See Oracle Coherence Developer's Guide for a detailed reference of each cache configuration element.
The general recommendation for the
<partition-count> subelement of the
<distributed-scheme> element is to be a prime number close to the square of the number of storage enabled nodes. This formula is not ideal for large clusters because it adds too much overhead. For clusters exceeding 128 storage enabled JVMs, the partition count should be fixed, at roughly 16,381.
Coherence clusters which consist of over 400 TCMP nodes must increase the default maximum packet size that Coherence uses. The default of 1468 should be increased relative to the size of the cluster, that is, a 600 node cluster would need the maximum packet size increased by 50%. A simple formula is to allow four bytes per node, that is,
maximum_packet_size >= maximum_cluster_size * 4B. The maximum packet size is configured as part of the coherence operational configuration file, see Oracle Coherence Developer's Guide for details on configuring the maximum packet size.
For large clusters which have hundreds of JVMs, it is also recommended that multicast be enabled because it provides more efficient cluster-wide transmissions. These cluster-wide transmissions are rare, but when they do occur multicast can provide noticeable benefits in large clusters.
The Coherence death detection algorithms are based on sustained loss of connectivity between two or more cluster nodes. When a node identifies that it has lost connectivity with any other node, it consults with other cluster nodes to determine what action should be taken.
In attempting to consult with others, the node may find that it cannot communicate with any other nodes and assumes that it has been disconnected from the cluster. Such a condition could be triggered by physically unplugging a node's network adapter. In such an event, the isolated node restarts it's clustered services and attempts to rejoin the cluster.
If connectivity with other cluster nodes remains unavailable, the node may (depending on well known address configuration) form a new isolated cluster, or continue searching for the larger cluster. In either case, the previously isolated cluster nodes rejoins the running cluster when connectivity is restored. As part of rejoining the cluster, the nodes former cluster state is discarded, including any cache data it may have held, as the remainder of the cluster has taken on ownership of that data (restoring from backups).
It is obviously not possible for a node to identify the state of other nodes without connectivity. To a single node, local network adapter failure and network wide switch failure looks identical and are handled in the same way, as described above. The important difference is that for a switch failure all nodes are attempting to re-join the cluster, which is the equivalent of a full cluster restart, and all prior state and data is dropped.
Dropping all data is not desirable and, to avoid this as part of a sustained switch failure, you must take additional precautions. Options include:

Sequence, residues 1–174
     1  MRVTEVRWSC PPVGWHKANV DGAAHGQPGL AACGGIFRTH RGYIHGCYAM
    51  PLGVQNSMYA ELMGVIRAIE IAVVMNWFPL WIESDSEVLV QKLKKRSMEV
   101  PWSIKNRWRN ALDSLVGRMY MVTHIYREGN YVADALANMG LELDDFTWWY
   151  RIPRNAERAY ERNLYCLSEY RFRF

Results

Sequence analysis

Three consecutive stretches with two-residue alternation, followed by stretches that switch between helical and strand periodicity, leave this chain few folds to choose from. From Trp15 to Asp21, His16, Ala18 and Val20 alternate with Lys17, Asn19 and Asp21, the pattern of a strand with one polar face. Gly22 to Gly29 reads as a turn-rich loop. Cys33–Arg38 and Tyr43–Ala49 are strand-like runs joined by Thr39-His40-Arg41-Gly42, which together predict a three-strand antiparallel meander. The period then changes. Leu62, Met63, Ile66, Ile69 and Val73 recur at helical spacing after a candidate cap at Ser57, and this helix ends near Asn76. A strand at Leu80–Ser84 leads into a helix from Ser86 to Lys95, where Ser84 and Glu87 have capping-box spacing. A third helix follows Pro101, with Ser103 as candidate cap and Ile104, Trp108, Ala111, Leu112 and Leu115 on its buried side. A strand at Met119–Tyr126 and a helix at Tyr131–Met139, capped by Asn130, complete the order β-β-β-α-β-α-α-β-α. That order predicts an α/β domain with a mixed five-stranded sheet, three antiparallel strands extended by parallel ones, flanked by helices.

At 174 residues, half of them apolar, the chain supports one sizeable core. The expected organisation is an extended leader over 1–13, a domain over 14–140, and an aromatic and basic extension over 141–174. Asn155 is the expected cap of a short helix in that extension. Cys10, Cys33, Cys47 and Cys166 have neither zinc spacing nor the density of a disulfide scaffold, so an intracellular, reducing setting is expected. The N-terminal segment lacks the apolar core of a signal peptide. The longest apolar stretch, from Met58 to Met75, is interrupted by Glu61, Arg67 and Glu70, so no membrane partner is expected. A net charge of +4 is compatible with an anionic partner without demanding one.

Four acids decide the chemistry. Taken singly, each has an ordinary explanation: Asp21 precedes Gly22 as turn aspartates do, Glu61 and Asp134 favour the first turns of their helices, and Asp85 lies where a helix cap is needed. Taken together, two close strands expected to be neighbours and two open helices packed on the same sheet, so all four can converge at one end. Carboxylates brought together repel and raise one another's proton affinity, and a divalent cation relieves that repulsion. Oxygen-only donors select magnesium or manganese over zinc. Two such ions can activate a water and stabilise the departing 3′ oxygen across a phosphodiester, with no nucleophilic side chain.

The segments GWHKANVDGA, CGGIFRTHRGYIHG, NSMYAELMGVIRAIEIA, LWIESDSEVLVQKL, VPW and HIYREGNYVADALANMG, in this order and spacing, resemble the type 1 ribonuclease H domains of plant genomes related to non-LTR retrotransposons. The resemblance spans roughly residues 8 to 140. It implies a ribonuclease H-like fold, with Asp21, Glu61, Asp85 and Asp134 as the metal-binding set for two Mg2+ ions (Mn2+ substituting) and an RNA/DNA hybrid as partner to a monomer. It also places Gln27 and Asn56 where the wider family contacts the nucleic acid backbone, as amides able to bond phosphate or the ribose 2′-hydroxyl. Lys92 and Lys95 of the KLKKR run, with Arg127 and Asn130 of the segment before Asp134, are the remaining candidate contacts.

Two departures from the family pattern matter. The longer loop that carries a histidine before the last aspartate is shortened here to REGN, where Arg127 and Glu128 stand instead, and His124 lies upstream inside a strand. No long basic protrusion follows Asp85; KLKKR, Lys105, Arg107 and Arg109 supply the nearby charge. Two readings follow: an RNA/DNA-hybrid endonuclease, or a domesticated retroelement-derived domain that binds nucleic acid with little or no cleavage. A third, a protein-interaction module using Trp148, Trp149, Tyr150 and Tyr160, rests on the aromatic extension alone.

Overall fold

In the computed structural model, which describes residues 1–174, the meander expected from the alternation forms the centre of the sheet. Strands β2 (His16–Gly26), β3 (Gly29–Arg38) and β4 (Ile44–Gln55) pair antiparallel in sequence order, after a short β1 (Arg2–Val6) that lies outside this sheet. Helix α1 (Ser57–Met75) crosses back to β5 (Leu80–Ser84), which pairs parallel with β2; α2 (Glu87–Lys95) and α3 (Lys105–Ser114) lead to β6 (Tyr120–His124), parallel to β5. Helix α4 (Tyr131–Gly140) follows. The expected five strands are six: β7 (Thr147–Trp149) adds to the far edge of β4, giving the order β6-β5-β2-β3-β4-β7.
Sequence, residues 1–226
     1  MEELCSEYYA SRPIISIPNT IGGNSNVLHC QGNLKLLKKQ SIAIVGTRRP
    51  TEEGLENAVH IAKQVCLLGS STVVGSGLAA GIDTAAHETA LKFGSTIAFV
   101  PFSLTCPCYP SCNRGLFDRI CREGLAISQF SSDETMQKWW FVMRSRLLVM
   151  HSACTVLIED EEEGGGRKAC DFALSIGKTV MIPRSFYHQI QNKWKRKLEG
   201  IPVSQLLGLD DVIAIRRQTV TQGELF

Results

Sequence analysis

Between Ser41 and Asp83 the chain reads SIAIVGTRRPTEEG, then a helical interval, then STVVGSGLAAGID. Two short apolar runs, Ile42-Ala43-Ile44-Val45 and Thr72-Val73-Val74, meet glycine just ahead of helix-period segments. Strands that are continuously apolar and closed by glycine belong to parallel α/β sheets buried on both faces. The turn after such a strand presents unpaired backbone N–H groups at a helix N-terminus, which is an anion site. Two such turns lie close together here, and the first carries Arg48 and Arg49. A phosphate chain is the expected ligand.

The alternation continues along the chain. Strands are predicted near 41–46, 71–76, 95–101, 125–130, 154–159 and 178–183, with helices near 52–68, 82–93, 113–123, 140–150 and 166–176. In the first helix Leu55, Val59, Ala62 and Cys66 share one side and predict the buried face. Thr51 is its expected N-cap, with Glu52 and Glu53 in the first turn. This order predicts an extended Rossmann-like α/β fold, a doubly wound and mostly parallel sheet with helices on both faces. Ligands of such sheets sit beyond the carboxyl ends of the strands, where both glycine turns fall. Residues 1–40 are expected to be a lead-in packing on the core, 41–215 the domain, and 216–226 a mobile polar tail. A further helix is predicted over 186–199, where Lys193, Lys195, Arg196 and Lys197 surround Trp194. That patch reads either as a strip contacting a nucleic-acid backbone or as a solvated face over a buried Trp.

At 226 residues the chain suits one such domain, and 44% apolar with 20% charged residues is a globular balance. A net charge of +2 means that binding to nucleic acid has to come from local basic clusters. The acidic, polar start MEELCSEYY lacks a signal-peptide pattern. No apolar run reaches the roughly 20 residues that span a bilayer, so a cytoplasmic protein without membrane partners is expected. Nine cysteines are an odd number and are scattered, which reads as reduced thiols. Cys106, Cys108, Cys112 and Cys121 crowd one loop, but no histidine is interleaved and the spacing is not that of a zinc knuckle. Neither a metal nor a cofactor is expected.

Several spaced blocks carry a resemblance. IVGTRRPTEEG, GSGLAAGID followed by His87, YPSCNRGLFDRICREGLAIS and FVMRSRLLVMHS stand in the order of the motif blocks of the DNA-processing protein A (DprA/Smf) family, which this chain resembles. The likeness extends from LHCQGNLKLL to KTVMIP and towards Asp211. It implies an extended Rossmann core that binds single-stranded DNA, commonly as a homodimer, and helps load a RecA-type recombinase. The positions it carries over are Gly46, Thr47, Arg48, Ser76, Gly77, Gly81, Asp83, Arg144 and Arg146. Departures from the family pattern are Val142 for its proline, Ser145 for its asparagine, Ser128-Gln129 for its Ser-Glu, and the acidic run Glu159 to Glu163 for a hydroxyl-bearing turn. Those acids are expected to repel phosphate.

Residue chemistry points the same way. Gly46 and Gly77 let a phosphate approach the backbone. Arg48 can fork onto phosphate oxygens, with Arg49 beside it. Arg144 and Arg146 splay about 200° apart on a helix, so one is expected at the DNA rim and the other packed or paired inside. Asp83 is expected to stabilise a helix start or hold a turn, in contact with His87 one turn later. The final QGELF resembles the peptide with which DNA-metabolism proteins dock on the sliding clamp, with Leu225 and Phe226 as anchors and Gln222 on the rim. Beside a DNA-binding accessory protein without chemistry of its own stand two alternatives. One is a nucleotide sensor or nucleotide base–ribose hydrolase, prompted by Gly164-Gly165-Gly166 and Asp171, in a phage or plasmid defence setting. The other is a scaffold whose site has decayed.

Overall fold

Increase detection intervals: The cluster relies on a deterministic process-level death detection using the TcpRing component and hardware death detection using the IpMonitor component. Process-level detection is performed within milliseconds and network or machine failures are detected within 15 seconds by default. Increasing these value allows the cluster to wait longer for connectivity to return. Death detection is enabled by default and is configured within the
<tcp-ring-listener> element. See Oracle Coherence Developer's Guide for details on configuring death detection.
Persist data to external storage: By using a Read Write Backing Map, the cluster persists data to external storage, and can retrieve it after a cluster restart. So long as write-behind is disabled (the
<write-delay> subelement of
<read-write-backing-map-scheme>) no data would be lost if a switch fails. The downside here is that synchronously writing through to external storage increases the latency of cache update operations, and the external storage may become a bottleneck.
Decide on a cluster quorum: The cluster quorum policy mandates the minimum number of cluster members that must remain in the cluster when the cluster service is terminating suspect members. During intermittent network outages, a high number of cluster members may be removed from the cluster. Using a cluster quorum, a certain number of members are maintained during the outage and are available when the network recovers. See Oracle Coherence Developer's Guide for details on configuring cluster quorum.
Note:To ensure that Windows does not disable a network adapter when it is disconnected, add the following Windows registry
DWORD, setting it to
1:HKEY_LOCAL_MACHINE\SYSTEM\CurrentControlSet\Services\Tcpip\Parameters\DisableDHCPMediaSense. This setting also affects static IPs despite the name.
Add network level fault tolerance: Adding a redundant layer to the cluster's network infrastructure allows for individual pieces of networking equipment to fail without disrupting connectivity. This is commonly achieved by using at least two network adapters per computer, and having each adapter connected to a separate switch. This is not a feature of Coherence but rather of the underlying operating system or network driver. The only change to Coherence is that it should be configured to bind to the virtual rather then physical network adapter. This form of network redundancy goes by different names depending on the operating system, see Linux bonding, Solaris trunking and Windows teaming for further details.